June - The garden should be full of colour this month with vibrant displays of flowers in your borders and tubs. You should also be able to start harvesting vegetable crops.


  • Sprinkle feed around roses
  • Divide congested flag iris
  • Stake tall lilies in pots
  • Cut back pulmonarias and doronicum, invasive alpines and ground cover
  • Divide primulas
  • Trim oriental poppy growth at the base once flowers fade
  • Look for aphids on lupins and spray them with soapy water
  • Cut away spring bulb foliage once it dies back in late June
  • Position summer hanging baskets and containers outside
  • Plant out summer bedding

Tip: Be ruthless with roses

To ensure a succession of flowers throughout the summer, deadhead your rose bushes regularly. Remove individual flowers as they fade and once they have all finished, prune the whole head back to the first leaf that you come to. A new shoot will strike put here, bearing another flower that will bloom in late summer. Delay deadheading and you will impede the plants second flush.  

In the greenhouse

  • Water crops in pots and grow bags regularly
  • Pot on seedlings, begonias, gloxinias and rooted cuttings
  • Cut off faded flowers
  • Repot houseplants
  • Damp down the greenhouse floor every morning to increase humidity
  • Take cuttings of fuchsias, pelargoniums, verbenas, osteospermums, hydrangeas and penstemons
  • Shade greenhouses to keep them cool and prevent scorch

Tip: Train your tomatoes

Greenhouse tomatoes should be trained to be a single-stem. Pinch of side-shoots so energy isn’t wasted on unwanted growth and check frequently as second stems can form in no time. Tomato fruits are self-fertile but to ensure food pollination and the setting of fruit, gently tap the flower trusses, or brush them with a feather, as they form. We have great expectations of our tomato plants, so apply fertiliser on a weekly basis to help them along. 

Fruit and vegetables

  • Plant out marrows, squashes, pumpkins, and sweet corn
  • Thin our seedlings to their required spacing
  • Hand weed between crops
  • Tie in new fruit canes to supports
  • Cover strawberries and ripening berries with netting
  • Crops to grow outside now are lettuce, endives, carrots, runner beans, French beans, cauliflowers, peas and sweet corn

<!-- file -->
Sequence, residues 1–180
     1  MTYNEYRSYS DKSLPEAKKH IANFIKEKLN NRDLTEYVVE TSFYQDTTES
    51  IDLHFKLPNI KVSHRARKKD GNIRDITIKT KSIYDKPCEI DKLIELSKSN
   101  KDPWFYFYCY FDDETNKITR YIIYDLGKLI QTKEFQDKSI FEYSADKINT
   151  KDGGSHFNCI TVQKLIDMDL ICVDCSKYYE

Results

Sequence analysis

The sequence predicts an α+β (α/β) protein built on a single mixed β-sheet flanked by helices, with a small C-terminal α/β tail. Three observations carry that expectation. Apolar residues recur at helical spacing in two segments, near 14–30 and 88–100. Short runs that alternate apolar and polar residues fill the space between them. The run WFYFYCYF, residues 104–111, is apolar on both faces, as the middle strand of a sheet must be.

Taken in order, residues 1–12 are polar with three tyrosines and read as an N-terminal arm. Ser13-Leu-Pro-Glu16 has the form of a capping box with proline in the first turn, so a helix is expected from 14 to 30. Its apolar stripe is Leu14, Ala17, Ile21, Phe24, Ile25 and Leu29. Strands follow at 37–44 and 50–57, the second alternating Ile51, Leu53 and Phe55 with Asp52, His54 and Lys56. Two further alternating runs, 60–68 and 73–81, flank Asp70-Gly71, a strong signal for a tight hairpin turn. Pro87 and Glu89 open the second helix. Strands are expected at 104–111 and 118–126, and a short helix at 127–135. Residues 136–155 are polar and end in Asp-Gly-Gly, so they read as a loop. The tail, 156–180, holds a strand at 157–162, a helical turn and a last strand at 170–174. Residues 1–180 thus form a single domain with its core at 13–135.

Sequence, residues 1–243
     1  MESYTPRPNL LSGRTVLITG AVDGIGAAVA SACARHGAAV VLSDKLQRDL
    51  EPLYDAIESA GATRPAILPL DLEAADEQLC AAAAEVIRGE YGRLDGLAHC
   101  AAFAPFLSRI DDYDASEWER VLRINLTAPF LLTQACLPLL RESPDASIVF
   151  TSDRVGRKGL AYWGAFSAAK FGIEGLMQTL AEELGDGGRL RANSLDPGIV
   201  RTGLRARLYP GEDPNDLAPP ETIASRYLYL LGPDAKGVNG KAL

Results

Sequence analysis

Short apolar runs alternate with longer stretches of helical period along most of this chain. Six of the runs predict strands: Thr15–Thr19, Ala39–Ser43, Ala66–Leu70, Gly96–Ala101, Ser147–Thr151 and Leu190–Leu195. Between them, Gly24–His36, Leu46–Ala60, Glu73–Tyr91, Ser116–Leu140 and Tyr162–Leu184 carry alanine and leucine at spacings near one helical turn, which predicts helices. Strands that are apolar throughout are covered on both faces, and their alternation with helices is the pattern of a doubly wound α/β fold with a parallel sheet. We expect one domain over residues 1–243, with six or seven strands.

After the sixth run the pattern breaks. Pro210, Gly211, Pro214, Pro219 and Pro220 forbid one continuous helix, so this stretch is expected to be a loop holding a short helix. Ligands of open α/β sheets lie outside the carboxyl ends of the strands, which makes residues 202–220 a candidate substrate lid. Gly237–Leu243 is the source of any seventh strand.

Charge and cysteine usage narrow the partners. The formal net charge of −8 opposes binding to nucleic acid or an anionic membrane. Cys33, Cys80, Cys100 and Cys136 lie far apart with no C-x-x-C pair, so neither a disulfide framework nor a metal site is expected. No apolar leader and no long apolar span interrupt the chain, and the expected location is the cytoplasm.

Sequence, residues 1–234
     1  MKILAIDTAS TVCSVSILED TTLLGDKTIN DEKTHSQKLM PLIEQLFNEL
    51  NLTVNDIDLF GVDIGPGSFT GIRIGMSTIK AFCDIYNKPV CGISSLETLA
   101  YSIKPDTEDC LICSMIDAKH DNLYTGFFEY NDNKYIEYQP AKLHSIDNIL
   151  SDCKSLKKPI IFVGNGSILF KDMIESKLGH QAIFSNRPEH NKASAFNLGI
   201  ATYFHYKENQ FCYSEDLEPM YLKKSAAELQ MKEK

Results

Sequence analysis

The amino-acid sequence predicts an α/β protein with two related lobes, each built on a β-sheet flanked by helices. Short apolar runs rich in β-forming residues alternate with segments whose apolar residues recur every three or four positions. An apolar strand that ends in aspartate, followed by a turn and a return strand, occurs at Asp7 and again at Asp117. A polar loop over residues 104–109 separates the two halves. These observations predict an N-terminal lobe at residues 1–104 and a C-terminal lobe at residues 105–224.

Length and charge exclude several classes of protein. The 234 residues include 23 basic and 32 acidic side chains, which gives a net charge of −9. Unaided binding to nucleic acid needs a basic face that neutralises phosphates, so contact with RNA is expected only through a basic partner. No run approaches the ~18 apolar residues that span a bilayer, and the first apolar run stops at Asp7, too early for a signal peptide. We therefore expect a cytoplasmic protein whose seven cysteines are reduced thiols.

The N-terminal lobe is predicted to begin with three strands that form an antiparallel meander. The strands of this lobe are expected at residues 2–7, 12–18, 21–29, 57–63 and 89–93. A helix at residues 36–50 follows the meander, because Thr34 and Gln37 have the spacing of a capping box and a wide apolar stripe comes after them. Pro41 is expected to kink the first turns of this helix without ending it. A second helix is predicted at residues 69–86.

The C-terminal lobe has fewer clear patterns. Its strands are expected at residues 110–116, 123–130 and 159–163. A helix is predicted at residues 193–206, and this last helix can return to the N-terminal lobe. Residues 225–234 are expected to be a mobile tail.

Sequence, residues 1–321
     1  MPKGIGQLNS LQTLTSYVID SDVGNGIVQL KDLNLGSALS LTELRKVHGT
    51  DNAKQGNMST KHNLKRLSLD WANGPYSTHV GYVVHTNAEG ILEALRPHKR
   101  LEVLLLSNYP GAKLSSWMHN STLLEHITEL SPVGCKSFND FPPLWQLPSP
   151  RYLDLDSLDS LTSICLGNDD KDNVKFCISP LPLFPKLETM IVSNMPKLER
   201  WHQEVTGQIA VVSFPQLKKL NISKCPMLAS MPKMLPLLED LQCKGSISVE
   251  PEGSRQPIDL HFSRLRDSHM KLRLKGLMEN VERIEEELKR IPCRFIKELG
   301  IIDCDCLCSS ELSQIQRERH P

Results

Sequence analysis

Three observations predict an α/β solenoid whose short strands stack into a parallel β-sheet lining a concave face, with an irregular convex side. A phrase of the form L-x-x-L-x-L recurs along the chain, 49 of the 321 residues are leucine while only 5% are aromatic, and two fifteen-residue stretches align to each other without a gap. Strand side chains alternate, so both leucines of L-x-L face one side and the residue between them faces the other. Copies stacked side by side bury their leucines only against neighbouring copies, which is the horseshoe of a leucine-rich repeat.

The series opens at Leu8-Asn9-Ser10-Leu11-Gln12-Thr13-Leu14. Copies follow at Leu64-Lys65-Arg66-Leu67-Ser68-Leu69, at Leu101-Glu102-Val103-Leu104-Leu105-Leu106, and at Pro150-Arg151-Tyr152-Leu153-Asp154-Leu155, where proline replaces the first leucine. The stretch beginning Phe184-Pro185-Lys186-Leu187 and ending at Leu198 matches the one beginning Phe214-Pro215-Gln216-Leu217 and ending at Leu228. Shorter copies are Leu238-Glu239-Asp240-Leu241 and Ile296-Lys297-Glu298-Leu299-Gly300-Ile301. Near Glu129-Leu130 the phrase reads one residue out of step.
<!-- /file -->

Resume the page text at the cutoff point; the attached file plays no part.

• Watch out for woolly aphid on fruit trees – spray them off with soapy water
  • Harvest lettuce, radish, other salads and early potatoes

Tip: Sow salad!

Short on space – you could sow a pot of salad leaves. Simply fill a large flower pot with compost and sow a few lettuce leaves into it. Choose a cut-and-come-again loose leaf variety rather than varieties that form large heads. You can then pick the leaves every week and the plants will continue cropping for months.

Around the garden

  • Prune broom after flowering
  • Repot houseplants
  • Rub off any greenfly you find
  • Hoe borders to keep down weeds
  • Water hydrangeas with colorant to keep them blue
  • Treat gravel drives and paths with weed killer
  • Boost border growth by giving plants a liquid feed
  • Take cuttings of pinks
  • Continue spreading mulches around shrubs and trees
  • Feed lawns and treat any moss and weeds
  • Add water-retaining gel and slow-release feed to compost in patio post and hanging baskets
  • Cut the lawn – at least once a week
  • Use rainwater collected in water butts

Tip: Beware of brambles!

Brambles are amazing invaders. Wearing thick gloves follow the tendrils of brambles back to their point of origin. It is pointless just cutting the shoots as they will soon grow back stronger than ever. You really need to dig out the roots. Don’t ignore brambles, every time a new shoot touches the ground it will root and develop a new plant, making the problem worse.

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Woodlands Nurseries
Crooklands, Milnthorpe, Cumbria, LA7 7NJ
Telephone: 015395 67273
Email: sales@woodlandsgardencentre.com

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